Life is precious. Every moment of life gives us the opportunity to change thing, to make them better. This is one of the many reasons why we should never take any moment for granted. Every moment is short lived, but it gives all it has taken in and all that has happened in it and renders it all to the next moment. While we should learn from the past, and realize how it sets us up for the present, we should not live in the past, attaching ourselves to the way things were. Nonetheless, this is to our own advantage, for every moment has its own special grace which it offers us, grace which allows the passing of time to be used for good. Thus, Abba Silvanus, talking to Abba Moses, said that not only can we lay a new foundation for ourselves every day we live, we can and should try to do so every moment of our existence:
Abba Moses asked Abba Silvanus, ‘Can a man lay a new foundation every day?’ The old man said, ‘If he works hard, he can lay a new foundation at every moment.’
We can sadly squander the opportunity we have been given. We might not properly seize the moment. We can use the moment we have been given, not to change our ways and set up a new foundation in our lives which allows us to grow and become better by it, but rather, to do the reverse, to make new foundations for our sins, embracing more and more evil. Thus, the opportunity which we are given in every moment is a two-edged sword; on the one side, it can help cut us off from all that we have done wrong and so establish for ourselves what we need to become holy, or we can use it to cut ourselves from the good which we could achieve, creating the foundation for more and greater evil in our lives.
We must, therefore, embrace the moment we find ourselves in, and use it to engage the good, and all that God would have us do. We must embrace the greater good. We must detach ourselves from particular, lesser goods, if they get in the way of the greater good. Thus, though many things can and will give us momentary pleasure, when we embrace them, we find they give us no lasting satisfaction. That is because there is but only a little amount of good in them, and so long as we are attached to them apart from the greater good, we will find ourselves staying away from that which gives us true happiness. We have done this many times in our lives. It is this draw to some lesser good which leads us to sin. Now, we find that we can indeed detach ourselves from what we have established. We are given the chance to repent, so that no matter what sin we have done, no matter when we have done it, we can set up a new foundation, setting up the foundation which we need to direct ourselves once again to the greater good. There is hope for us, and for everyone, and that hope can be and will be found in the grace offered to us from moment to moment.
Sin, therefore, does not have to have the last word; it does not have to define us. Even when we find we have just sinned, we should not give in to despair. The passing of time gives us hope. Every moment is a new moment, every moment provides us new opportunities, new graces. We must, of course, not use the graces given to us to be unconcerned about what we have done, because we will have to deal with the consequences of our actions. But even the moment after we have sinned, grace is offered to us to set ourselves back on track. If we are sorry, we can then use that sorrow to engage grace, to being rebuilding and overcoming the harm which we have done to ourselves (or others) through our sin.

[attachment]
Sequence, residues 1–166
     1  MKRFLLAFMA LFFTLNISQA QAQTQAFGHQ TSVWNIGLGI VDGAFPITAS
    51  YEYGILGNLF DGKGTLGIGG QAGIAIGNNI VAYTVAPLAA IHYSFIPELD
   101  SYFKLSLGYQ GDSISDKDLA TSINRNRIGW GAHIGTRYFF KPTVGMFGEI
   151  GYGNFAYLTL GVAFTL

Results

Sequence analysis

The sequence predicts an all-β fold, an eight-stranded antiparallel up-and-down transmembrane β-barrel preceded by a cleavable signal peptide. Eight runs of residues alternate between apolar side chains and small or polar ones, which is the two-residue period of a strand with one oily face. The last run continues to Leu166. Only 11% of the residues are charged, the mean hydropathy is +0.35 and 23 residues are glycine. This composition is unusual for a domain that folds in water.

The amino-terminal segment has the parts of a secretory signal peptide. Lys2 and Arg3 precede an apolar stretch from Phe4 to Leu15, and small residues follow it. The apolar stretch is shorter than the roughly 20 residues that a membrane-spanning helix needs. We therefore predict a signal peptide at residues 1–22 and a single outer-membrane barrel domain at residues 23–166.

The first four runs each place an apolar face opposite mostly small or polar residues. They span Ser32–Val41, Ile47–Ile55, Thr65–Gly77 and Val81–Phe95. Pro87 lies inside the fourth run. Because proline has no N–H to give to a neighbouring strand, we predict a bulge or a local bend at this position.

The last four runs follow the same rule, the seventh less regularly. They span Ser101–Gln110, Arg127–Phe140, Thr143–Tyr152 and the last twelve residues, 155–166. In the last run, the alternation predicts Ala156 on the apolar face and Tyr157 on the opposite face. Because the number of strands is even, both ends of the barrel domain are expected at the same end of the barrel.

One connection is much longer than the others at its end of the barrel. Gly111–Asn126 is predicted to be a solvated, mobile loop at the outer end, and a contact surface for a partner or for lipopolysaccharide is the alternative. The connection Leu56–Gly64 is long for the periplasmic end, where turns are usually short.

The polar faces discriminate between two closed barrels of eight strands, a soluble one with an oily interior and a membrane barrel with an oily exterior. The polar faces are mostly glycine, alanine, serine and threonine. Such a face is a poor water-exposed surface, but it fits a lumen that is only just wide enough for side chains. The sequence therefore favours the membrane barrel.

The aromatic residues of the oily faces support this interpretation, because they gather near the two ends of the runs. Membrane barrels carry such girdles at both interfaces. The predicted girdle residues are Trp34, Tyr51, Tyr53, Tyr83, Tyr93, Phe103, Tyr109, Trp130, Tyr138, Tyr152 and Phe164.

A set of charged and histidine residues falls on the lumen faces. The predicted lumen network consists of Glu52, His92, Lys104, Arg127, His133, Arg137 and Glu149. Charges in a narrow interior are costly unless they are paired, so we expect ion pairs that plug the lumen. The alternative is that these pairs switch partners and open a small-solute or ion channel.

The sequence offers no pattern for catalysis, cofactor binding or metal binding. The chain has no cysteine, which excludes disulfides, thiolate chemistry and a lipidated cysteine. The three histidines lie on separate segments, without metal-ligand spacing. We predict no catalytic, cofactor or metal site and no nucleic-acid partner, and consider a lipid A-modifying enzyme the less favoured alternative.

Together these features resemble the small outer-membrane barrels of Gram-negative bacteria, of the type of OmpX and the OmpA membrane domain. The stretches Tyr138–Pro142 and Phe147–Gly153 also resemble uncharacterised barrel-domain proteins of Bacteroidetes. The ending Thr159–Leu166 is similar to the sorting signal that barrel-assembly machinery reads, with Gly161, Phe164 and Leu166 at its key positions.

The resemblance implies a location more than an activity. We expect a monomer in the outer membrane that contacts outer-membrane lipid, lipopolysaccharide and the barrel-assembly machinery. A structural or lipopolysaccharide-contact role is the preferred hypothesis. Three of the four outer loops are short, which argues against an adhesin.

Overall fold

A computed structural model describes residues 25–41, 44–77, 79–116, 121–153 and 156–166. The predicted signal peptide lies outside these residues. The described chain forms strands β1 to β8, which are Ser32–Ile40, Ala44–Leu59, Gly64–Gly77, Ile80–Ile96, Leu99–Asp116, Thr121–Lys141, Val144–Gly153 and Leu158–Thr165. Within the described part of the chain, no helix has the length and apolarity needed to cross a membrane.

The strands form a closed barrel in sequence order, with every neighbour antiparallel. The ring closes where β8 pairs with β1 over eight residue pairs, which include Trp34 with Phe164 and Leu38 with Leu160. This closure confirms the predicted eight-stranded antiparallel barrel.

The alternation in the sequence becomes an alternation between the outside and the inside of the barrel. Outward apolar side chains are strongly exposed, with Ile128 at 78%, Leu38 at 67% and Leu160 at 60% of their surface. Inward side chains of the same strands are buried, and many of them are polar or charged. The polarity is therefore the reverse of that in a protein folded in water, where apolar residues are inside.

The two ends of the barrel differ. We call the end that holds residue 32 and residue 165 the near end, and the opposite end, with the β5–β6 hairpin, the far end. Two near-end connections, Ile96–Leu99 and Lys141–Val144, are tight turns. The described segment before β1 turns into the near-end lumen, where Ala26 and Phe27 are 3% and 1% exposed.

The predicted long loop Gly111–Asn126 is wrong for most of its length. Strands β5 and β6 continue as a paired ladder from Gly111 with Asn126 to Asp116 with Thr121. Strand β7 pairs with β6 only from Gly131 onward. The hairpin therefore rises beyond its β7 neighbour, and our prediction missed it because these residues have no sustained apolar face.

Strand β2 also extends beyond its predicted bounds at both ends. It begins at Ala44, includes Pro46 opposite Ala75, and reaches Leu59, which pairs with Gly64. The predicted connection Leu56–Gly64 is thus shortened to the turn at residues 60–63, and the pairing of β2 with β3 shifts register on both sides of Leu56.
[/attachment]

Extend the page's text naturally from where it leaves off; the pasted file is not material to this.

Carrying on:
“He has made everything beautiful in its time; also he has put eternity into man’s mind, yet so that he cannot find out what God has done from the beginning to the end” (Ecclesiastes 3:11 RSV). While we have been given temporal existence, we must remember we live now to set up and establish who and what we will be in eternity. What we do in time is the foundation for our eternal life. What is good and true in time, is beautiful, but that beauty is meant to be taken with us to eternity. Thus, we should do all that we can do to do what is good and in that goodness, establish in us a beauty which can and will be with us for eternity.
The opportunity is real, but it requires much effort on our part. Abba Silvanus said we can use any moment to establish a good foundation for ourselves. But he also said we must work hard to do so. Though we know we can make things better, we can’t just sit around and do nothing and expect them to be made better by themselves. We must do our part. If we have sinned, we must truly be sorry and repent and do what we can to avoid sinning in the future and repair the harm we have caused by that sin. This is not to say we won’t sin again, but we should not have the intention to do so. We can and will find our concupiscence and our bad habits often get the best of us, tearing down what we have built up, but if we are working hard to set the stage for a new future, for a new foundation, we will build more than we tear down, until at last, hopefully we will be free from the inclinations and habits which lead us to sin. The key is not to give up, to be resolved to fight against our sins, for if we are resolved in this way, we will truly be setting the stage for a better future. But if we get lazy, if we embrace sloth, then the opportunity will be squandered. Let us not squander the moment we have been given, but rather, embrace it, embrace the grace in it, and truly set ourselves up for beatitude.
 The Sayings of the Desert Fathers. trans. Benedicta Ward (Kalamazoo, MI: Cistercian Publications, 1984), 274 [Saying of Silvanus 11).
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